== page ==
The news the United States government is not too keen on Ukip will not be good news to Nigel Farage. But then, at least one of his candidates for office wasn’t caught advocating compulsory abortions of disabled foetuses. Oh no. Wait a second…
6) DEMOCRATS TARGET GUNS
WASHINGTON -- House Democrats say they've seen a groundswell of support within their caucus for legislation that would prohibit the manufacturing of high-capacity magazines, Sam Stein reports. At least two lawmakers are planning to push for a vote on such legislation before the year ends.
In an interview with The Huffington Post, Congresswoman Diana DeGette said that she now has approximately 125 co-sponsors on the bill in the US House of Representatives. "I'm not so naïve as to think that we can pass some law that will stop a deranged person from taking a gun and shooting people," the Colorado Democrat said. "What I am interested in is making it as difficult as possible for that deranged person to shoot as many people as possible."
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7) 'RACE IS NOT ON THE AGENDA'
The mother of murdered teenager Stephen Lawrence has accused ministers of squandering advances in race relations. In an interview with The Guardian, Doreen Lawrence says, "race is definitely not on the government's agenda”.
She adds: "I don't really understand it because we all want a society in which we can live safely and live freely and to have police officers doing what they need to do on the street. But when it comes to race, they feel as if they are doing us a favour rather than doing what is right."
8) LIBOR SCANDAL
Swiss bank UBS has agreed to pay £940 million to regulators in the biggest penalty yet from the industry's Libor-rigging scandal.
The settlement, which includes a record fine of £160 million from the UK's Financial Services Authority, is far larger than the total of £290 million paid by Barclays for Libor manipulation this summer. The Zurich-based bank, which has around 6,500 staff in London, has endured a turbulent year after the jailing of rogue trader Kweku Adoboli.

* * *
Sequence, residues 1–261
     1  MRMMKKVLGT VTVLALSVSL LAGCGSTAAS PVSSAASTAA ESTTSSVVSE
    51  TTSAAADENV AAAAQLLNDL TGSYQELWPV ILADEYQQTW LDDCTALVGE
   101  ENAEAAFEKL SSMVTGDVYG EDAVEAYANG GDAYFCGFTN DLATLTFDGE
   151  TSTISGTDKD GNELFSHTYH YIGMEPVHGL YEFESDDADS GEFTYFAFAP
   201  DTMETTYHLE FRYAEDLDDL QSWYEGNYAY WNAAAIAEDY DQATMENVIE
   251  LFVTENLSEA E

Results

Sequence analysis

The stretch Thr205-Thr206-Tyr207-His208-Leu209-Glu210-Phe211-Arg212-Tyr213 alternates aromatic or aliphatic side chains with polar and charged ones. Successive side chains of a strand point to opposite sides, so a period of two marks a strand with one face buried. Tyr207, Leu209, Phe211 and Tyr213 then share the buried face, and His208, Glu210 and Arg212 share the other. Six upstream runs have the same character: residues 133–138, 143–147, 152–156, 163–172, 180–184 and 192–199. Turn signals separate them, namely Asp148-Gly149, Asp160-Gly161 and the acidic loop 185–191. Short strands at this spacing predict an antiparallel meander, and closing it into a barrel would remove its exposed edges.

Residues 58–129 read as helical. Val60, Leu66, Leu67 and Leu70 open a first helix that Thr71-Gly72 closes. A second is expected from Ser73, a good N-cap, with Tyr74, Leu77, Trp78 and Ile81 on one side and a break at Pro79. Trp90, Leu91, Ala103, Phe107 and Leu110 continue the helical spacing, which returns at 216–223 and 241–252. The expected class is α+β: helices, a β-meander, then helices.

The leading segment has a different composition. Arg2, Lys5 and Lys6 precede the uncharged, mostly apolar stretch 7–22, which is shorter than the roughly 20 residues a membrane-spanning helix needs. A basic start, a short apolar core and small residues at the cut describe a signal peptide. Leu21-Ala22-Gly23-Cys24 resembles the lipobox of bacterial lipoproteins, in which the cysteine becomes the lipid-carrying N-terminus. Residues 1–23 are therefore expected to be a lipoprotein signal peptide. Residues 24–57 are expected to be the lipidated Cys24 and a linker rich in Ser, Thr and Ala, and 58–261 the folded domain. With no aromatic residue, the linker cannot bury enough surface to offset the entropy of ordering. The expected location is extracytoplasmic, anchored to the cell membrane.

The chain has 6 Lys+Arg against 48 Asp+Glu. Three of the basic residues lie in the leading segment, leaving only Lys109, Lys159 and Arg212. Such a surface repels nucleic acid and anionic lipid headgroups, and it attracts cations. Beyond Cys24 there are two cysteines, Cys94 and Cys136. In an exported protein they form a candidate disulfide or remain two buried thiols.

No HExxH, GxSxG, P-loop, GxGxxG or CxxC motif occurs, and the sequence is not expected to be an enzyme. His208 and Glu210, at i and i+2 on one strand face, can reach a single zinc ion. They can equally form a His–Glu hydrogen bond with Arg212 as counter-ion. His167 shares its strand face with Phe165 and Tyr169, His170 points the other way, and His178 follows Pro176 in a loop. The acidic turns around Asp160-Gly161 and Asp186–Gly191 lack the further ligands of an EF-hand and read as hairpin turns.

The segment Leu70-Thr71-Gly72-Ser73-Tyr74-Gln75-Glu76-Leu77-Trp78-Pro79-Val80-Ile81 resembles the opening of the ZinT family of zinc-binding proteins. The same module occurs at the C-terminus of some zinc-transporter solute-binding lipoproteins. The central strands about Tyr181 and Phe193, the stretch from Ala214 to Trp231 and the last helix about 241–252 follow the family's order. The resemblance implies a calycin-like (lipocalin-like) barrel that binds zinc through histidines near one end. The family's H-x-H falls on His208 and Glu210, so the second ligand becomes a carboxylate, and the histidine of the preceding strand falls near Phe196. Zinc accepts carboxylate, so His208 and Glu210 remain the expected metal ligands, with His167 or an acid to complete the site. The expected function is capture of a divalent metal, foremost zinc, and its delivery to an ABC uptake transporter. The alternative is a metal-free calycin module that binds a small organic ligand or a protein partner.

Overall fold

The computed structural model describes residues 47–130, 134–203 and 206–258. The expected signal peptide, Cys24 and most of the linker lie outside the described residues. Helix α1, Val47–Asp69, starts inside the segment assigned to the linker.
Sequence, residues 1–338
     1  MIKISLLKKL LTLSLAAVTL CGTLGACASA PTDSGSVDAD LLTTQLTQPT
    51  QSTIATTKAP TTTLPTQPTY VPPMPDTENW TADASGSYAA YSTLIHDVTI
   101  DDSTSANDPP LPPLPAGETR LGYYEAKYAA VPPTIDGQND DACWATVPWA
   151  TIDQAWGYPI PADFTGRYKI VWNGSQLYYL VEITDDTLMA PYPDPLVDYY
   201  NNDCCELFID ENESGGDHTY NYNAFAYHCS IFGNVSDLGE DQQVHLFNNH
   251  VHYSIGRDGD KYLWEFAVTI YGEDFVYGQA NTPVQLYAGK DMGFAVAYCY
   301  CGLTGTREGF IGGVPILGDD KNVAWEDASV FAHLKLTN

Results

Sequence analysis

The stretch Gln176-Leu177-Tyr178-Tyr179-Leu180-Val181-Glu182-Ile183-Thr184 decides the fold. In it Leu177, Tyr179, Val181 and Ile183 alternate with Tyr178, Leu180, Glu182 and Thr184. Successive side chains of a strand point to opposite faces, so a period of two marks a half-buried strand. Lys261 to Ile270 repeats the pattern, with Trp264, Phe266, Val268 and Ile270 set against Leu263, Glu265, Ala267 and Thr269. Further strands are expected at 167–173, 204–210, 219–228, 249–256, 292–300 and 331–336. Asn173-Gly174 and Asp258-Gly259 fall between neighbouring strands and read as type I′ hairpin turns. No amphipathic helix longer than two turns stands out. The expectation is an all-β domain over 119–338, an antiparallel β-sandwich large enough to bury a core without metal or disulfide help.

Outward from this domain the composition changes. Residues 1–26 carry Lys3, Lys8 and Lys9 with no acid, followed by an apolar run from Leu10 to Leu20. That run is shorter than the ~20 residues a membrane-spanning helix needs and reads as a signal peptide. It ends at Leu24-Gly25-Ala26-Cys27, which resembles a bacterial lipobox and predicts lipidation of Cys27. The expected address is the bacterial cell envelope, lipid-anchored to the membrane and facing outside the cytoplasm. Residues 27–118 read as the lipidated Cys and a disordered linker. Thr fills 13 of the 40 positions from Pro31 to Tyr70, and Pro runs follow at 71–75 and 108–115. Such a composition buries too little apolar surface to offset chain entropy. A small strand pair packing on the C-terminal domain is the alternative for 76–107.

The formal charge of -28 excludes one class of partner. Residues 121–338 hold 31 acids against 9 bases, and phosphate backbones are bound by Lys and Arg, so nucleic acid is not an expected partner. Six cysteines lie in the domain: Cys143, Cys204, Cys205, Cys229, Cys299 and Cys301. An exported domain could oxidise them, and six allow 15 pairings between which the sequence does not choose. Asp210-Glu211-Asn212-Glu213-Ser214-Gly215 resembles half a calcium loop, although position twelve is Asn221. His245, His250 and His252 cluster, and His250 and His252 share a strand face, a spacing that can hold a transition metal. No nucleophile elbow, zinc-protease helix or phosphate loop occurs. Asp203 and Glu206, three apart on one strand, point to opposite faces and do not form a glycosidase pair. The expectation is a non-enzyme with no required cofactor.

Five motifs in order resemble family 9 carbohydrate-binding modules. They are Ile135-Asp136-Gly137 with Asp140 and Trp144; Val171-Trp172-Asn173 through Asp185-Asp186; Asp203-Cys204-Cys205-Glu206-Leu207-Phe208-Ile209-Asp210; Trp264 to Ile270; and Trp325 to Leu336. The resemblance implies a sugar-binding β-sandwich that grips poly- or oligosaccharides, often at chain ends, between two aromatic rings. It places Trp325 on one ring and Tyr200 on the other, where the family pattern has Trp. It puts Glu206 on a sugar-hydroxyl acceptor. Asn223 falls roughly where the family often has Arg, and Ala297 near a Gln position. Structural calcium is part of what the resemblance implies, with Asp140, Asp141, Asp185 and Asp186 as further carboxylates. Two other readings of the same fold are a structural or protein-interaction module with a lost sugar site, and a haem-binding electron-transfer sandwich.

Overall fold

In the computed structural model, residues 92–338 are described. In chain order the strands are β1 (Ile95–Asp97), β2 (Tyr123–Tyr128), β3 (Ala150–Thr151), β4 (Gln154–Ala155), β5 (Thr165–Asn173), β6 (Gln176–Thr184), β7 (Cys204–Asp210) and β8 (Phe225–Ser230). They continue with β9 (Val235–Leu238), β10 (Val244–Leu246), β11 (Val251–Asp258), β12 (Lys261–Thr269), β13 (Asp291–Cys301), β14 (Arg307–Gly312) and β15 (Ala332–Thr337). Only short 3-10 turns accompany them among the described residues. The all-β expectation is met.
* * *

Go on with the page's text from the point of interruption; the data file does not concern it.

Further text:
9) SAVILE REPORT DUE
A review into why Newsnight shelved a report into sexual abuse by Jimmy Savile will be released on Wednesday. Top BBC executives and journalists on the flagship current affairs show have given evidence into why a planned programme on the DJ did not go ahead.
The BBC has repeatedly denied claims it axed the show because it clashed with planned tributes to Savile, after his death in 2011.Figures including director of news Helen Boaden, Newsnight editor Peter Rippon and former director-general Mark Thompson are reported to have been questioned as part of the review which is carried out by ex-Sky News executive Nick Pollard.
10) THE OTHER UNION
Unionist peers rounded on the Scottish Secretary yesterday for refusing to approach the European Union's governing body for advice on Scotland's future.
Michael Moore has been accused of adopting a "puzzling, unsustainable and totally irresponsible position" by refusing to approach the European Commission (EC) for confirmation of what would happen if Scotland became independent.
Moore argued that there was no need to speak to the EC given the amount of information in the public domain already, including a letter to the committee by EC president Jose Manuel Barroso which suggested Scotland would have to reapply to the EU as a new member state.
140 CHARACTERS OR LESS
@Jeremy_Hunt Incredibly concerned at v serious C4 Dispatches suggestion that A Mitchell was stitched up, never believed he used p-word anyway
@Mike_Fabricant A question that also needs to be answered: IF the police made the whole thing up, and they still deny it, what would be their motivation???
@dinarickman Not a bad thing to find on your desk at 7am http://lockerz.com/s/270098694
900 WORDS OR MORE
Keir Starmer in The Times: "Don’t confuse cyber-stalking with mere insults, my new guidelines for prosecuting abuse on social media will protect freedom of speech ."
Rafael Behr in the New Statesman: "The F-word that backbench Tories use when talking about Cameron’s Europe policy. Cameron's hope of a fantastic compromise over Britain's EU membership is fantasy."
Donald Macintyre in the Independent: "It did seem rather a lot of trouble to go to just to acquire a new set of place mats."